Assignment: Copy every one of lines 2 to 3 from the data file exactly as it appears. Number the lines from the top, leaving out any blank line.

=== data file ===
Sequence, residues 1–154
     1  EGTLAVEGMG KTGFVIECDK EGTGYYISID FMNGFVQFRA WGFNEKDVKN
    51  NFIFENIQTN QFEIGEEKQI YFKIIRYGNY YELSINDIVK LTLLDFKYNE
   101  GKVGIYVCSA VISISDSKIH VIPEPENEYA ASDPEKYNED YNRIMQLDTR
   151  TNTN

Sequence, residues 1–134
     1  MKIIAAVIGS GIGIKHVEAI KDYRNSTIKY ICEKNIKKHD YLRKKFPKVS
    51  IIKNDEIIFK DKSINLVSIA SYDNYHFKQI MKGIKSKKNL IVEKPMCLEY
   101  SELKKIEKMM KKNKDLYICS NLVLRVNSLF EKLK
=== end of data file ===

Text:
     1  EGTLAVEGMG KTGFVIECDK EGTGYYISID FMNGFVQFRA WGFNEKDVKN
    51  NFIFENIQTN QFEIGEEKQI YFKIIRYGNY YELSINDIVK LTLLDFKYNE